Urine Dreams and the Creative Flow
Ever had a dream about going to the bathroom somewhere strange and wonder what it meant?
Dreams about our most primal daily functions—such as urination and defecation—are fairly common but seldom talked about. Are these dreams just a cue to wake up and take care of business? Doubtfully. Dreams, like all thoughts and acts of imagination, have multiple layers of significance beyond the obvious, and this includes dreams of finding relief.
To break the ice, here’s a recent dream I had:
I really have to pee. I’m in a familiar house, and I find a place to relieve myself. I start to pee directly onto the keyboard of my computer. This seems to make perfect sense. The only problem is I have to make sure not to overflow the keyboard and make a mess, as it is absorbing the urine at a slow but steady rate. This requires an act of focus and deliberate holding back to sustain the right balance. Then, I think “What am I doing? I need a toilet!” I find a toilet and continue to pee. After a while, I still feel like I have to go. I realize I’m dreaming and I immediately wake up.
Epilogue: When I woke up, I did have to pee in real life, so I got up and took care of business.
The next morning, my first thought was that the dream reflected a true biological state, my need to void the bladder. After all, I did drink a beer a couple hours before bed. But why did I pee on my computer keyboard in the dream? It’s totally irrational, but I know that dream images are seldom “random.”
I reflected upon the role of the keyboard in my life. It’s how I type words into the computer. As a writer, I get a lot of use out of this thing. The keyboard is how I make my living, from my freelance work as well as my books and articles. And don’t forget all the time I spend writing those countless emails, as well.
My first inclination was to interpret this dream negatively. Piss on that! Urinating on my keyboard is a sign of disrespect, the ultimate expression of ruination. Maybe I’m fed up with being tied to my computer all the time, I wondered. Maybe I don’t respect my own work.
When I told this dream to Amy she had a different take. “Do you know how a lot dreamworkers interpret urination dreams?” She continued, “Peeing is the most authentic thing you can do. It’s the original self-expression.”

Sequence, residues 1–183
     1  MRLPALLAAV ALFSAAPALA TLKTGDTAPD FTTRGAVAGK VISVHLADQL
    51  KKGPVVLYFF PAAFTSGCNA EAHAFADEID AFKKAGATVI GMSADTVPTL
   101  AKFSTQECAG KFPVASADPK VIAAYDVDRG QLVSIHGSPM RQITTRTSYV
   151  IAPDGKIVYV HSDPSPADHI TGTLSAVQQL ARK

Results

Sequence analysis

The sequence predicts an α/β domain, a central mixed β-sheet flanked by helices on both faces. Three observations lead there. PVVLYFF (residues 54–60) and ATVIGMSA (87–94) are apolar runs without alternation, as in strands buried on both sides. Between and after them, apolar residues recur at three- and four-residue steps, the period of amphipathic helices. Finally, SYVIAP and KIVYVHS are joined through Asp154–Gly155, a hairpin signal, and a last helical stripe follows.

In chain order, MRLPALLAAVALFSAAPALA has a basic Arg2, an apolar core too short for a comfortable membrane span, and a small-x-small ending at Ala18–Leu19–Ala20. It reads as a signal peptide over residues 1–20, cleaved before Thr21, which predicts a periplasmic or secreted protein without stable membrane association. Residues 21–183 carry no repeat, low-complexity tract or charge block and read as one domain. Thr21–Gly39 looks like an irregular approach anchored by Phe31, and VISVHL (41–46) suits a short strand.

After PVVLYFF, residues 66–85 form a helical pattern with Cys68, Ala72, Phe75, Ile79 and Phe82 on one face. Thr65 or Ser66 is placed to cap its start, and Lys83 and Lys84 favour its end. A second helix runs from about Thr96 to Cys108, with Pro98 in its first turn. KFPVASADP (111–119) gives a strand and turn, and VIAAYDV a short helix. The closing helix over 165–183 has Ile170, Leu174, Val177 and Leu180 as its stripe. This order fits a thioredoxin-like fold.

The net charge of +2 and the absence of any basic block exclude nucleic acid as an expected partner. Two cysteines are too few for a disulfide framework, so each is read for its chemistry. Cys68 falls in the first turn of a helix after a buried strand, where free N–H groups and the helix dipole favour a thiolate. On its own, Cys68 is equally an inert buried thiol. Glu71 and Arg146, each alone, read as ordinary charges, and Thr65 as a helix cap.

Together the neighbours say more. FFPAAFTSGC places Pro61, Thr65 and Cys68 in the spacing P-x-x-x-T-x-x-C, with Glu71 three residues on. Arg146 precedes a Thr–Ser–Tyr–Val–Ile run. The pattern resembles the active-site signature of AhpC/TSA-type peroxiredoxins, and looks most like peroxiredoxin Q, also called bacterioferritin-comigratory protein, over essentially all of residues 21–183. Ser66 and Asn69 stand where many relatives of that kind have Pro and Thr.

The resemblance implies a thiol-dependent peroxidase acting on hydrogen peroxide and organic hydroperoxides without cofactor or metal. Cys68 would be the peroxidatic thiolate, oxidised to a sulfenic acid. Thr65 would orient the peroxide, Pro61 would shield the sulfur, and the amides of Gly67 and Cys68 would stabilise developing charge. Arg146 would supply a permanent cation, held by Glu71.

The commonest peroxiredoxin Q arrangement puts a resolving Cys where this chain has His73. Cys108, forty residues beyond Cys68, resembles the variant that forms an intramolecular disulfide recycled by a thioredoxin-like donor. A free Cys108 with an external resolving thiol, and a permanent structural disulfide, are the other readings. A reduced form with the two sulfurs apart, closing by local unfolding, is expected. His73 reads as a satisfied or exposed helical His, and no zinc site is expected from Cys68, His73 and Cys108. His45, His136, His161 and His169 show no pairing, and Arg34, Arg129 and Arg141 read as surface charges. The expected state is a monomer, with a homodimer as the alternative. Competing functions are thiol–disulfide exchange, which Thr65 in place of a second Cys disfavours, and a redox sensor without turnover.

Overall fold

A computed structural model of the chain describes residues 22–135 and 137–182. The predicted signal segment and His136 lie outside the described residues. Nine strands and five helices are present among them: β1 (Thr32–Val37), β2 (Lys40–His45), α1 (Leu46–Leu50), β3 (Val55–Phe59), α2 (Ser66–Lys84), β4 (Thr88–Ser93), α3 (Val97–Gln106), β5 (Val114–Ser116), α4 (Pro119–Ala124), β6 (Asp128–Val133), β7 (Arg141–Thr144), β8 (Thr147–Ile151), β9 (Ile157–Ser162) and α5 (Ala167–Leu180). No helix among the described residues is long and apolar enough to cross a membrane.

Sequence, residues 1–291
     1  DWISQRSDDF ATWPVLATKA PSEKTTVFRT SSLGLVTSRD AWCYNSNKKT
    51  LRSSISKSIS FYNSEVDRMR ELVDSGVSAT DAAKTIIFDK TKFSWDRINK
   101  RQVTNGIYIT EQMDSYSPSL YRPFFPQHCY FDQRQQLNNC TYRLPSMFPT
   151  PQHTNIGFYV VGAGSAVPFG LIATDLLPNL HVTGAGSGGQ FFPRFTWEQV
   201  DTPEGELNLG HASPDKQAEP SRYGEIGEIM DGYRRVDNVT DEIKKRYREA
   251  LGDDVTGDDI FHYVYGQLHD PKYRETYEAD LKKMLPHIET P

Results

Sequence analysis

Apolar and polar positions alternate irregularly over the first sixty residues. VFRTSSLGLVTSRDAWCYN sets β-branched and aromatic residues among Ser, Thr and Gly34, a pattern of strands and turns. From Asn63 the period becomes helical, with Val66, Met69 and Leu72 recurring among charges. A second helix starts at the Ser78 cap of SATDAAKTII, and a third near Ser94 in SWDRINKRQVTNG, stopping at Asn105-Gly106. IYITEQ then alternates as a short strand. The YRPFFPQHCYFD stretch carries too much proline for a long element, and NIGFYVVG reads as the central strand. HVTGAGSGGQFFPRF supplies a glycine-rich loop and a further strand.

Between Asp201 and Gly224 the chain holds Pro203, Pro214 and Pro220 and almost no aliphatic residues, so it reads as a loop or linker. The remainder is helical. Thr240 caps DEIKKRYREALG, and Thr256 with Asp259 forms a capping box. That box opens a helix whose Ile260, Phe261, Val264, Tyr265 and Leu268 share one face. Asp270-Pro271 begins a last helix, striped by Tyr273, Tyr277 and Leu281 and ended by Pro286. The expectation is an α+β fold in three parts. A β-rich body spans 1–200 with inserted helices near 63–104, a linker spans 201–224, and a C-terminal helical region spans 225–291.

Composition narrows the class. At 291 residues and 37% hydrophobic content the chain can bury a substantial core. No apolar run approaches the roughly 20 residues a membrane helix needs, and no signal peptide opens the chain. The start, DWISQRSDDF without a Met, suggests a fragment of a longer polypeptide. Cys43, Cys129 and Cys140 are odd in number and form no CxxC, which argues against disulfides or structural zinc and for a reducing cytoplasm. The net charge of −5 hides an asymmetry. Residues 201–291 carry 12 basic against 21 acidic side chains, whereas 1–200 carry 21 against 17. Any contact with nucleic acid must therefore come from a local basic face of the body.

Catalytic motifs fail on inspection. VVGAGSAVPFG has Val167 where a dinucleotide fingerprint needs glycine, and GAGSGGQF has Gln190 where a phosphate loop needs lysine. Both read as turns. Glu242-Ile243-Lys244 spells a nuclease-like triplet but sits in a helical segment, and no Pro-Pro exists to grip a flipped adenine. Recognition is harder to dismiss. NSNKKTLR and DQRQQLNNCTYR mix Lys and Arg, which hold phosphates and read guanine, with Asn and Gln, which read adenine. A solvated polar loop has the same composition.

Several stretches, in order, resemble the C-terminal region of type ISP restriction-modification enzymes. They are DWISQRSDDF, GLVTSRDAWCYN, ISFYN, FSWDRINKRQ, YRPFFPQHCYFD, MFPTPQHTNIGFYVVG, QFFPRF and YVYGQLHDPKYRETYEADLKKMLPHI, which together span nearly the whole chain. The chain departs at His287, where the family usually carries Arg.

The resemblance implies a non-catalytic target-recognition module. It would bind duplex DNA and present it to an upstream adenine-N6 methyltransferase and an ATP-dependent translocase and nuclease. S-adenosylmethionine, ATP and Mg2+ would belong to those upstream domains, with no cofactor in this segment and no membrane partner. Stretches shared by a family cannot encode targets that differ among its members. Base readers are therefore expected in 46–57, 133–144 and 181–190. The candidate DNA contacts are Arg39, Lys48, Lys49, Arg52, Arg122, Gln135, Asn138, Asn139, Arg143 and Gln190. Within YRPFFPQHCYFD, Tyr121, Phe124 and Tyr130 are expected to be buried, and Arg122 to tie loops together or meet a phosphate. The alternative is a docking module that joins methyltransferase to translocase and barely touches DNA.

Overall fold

Her suggestion made me laugh, and I instantly saw the image of a dog and a fire hydrant. However, her suggestion had an immediate dream logic that felt right in my bones, especially because in the dream I was peeing on my keyboard, precisely the tool that channels my self-expression and creativity.
More metaphors came up around the concept of urination: Making your mark. Claiming your territory. Writing your name in the snow.
I then reflected back on the curious detail of this dream, how “I have to make sure not to overflow the keyboard and make a mess, as it is absorbing the urine at a slow but steady rate. This requires an act of focus and deliberate holding back to sustain the right balance.”
This “slow and steady rate” is an excellent metaphor for the writing process. The act of creation is time-consuming and requires first just showing up and making a habit of putting words down. Try to “get it all out” at once in a Romantic writing binge by candlelight just leads to burning out, “making a mess.”
The role of the unconscious in writing is here, as it speaks quietly and must be finessed into the open. One of my creative writing mentors from college, the award-winning author Sterling Watson, used to discuss this creative process as pulling string from the wall, a little at a time. “Don’t pull too much too fast,” he’d say, “or it all falls apart.”
Urination as a metaphor for the creative writing process especially applies for writing longer pieces, such as chapters and books. Currently, I am gearing up for several long assignments like this, so perhaps the dream is cautioning, “Take it slow, let it absorb, don’t make a mess.”
Amy had a different take. She was drawn to the carefulness of the flow too, but suggested that perhaps (if it were her dream) it might be a good idea to find some creative outlets that can really take what I put out.
I see her point, and have to admit that I don’t have any “free and easy” creative outlets these days. As with all dreams, both of these interpretations could be “true” simultaneously. Dreams showcase possibilities, and it’s up to the dreamer to continue to notice how these energies play out in future dreams, as well as in waking life.
Interestingly, I realized I had this dream “peeing on the keyboard,” once before, over four years ago. At the time, I was working on my Master’s thesis, another demanding long-term project. I had completely forgotten this. So peeing on the keyboard is a repetitive theme for me, one that perhaps naturally is released from the imaginal floodgates when I need to get the job done.
Dear creative process: your alluring message received, thanks. Just in case, I’ll refrain from having a beer before bed for a while too.